Can Wolfie play bass? Who cares? I’m sure he’s competent. Because, really, who can’t play bass? Fact: There are several trained apes playing bass in circus bands touring the country. They get way more chicks than Wolfie and they party way harder.

So why is Wolfie taking the place of a guy who was in the band for nearly 40 years? Because his daddy wants to pretend his special little son is talented or gifted or cool or whatever. Like those parents who sued their kids’ school for suspending them after they were busted with booze, Eddie wants to teach his son to have no respect for anyone or anything.

They call this the Age of Entitlement. I’m not sure The Bubonic Plague II would be worse. It seems that when you’re a Baby Boomer with money or power, your goal is to teach your asshat children to show nothing but utter contempt for your fellow man and the rules and standards that govern polite society. It’s a horrible thing to see.

What a jerk.

I don’t know Wolfgang, but neither does this guy. I don’t care what he looks like, but it apparently means a lot to Cizmar, who has written a how-to-lose-weight book called “Chubster.”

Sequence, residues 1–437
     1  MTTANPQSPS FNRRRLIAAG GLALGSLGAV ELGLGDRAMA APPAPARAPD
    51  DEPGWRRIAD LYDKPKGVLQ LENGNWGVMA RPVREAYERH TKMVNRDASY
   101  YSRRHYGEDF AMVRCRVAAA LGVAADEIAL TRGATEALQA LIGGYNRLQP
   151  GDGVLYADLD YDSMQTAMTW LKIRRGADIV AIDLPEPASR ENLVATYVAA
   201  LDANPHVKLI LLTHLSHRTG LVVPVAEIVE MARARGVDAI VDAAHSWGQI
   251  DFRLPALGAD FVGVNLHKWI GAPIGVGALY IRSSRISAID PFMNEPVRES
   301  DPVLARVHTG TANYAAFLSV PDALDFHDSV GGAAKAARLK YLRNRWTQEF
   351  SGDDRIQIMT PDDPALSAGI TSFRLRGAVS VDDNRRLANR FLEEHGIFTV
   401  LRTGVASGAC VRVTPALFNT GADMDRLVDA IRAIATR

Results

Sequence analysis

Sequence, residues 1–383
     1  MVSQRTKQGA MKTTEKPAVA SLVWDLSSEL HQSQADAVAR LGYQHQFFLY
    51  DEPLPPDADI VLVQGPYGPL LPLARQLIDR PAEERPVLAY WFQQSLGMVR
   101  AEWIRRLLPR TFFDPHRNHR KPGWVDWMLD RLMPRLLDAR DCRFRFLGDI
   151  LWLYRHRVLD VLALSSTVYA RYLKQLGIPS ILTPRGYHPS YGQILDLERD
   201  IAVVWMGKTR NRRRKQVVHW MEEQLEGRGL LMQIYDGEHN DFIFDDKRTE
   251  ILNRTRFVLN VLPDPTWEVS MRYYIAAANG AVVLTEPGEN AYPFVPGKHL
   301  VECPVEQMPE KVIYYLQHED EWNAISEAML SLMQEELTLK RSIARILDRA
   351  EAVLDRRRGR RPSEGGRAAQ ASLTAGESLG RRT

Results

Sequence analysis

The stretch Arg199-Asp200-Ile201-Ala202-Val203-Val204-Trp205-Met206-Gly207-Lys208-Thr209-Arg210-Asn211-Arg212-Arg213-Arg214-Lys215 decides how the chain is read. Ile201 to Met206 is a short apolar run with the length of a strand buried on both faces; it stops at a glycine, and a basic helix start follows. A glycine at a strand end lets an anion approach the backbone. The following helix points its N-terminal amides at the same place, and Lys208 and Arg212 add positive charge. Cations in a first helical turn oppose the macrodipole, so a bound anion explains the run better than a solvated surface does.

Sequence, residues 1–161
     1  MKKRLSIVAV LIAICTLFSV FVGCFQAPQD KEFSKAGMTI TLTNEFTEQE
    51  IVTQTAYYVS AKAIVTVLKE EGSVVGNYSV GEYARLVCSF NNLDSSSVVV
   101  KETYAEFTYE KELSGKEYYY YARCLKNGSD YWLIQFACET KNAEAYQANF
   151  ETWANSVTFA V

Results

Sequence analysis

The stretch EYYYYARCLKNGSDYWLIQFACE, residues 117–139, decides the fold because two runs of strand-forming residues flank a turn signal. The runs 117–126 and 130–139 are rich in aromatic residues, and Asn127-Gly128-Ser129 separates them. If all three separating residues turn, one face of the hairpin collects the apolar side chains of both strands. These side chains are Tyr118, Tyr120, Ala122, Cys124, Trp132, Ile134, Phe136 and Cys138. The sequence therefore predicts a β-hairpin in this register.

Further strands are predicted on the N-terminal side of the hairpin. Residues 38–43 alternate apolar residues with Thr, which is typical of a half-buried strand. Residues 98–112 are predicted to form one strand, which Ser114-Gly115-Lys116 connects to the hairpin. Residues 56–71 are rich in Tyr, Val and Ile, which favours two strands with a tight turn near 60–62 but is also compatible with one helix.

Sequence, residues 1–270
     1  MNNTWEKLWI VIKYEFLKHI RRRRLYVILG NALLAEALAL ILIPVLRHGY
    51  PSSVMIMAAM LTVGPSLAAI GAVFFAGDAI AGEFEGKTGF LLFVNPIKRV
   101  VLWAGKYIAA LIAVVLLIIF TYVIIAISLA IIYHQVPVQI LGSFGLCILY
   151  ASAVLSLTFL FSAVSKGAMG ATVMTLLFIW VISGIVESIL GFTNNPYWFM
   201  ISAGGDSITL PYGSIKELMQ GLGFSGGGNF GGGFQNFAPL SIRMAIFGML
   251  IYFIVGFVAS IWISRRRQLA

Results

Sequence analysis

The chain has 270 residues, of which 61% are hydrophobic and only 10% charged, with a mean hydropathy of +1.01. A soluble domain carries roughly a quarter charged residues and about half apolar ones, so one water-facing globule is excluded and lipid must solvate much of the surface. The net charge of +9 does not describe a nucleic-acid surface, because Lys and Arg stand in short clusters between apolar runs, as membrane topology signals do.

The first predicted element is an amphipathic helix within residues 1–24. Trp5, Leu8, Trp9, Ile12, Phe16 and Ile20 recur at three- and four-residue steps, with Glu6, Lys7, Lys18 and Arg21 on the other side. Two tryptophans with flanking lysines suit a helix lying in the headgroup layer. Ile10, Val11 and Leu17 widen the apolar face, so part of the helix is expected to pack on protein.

I agree when he says a lot of parents today are out of control, spoiling their children and not teaching them responsibility and respect. But that’s always been a problem.  He writes about this like it’s some new crack in America’s superior armor. There are good parents and bad parents. It’s always been that way and always will be.

I haven’t seen much from Wolfgang in terms of quotes in articles. Since he comes across as quiet, how would Cizmar know if Wolfgang lacked respect for his fellow man? And how could he possibly know what Edward Van Halen’s parental motivations are?

My uninformed opinion is that Wolfgang’s addition to the band is what probably saved it — the younger Van Halen inspiring his dad to put the bottle down and get back to work.

Whatever the case may be, I think Cizmar is the real “asshat” of this tale.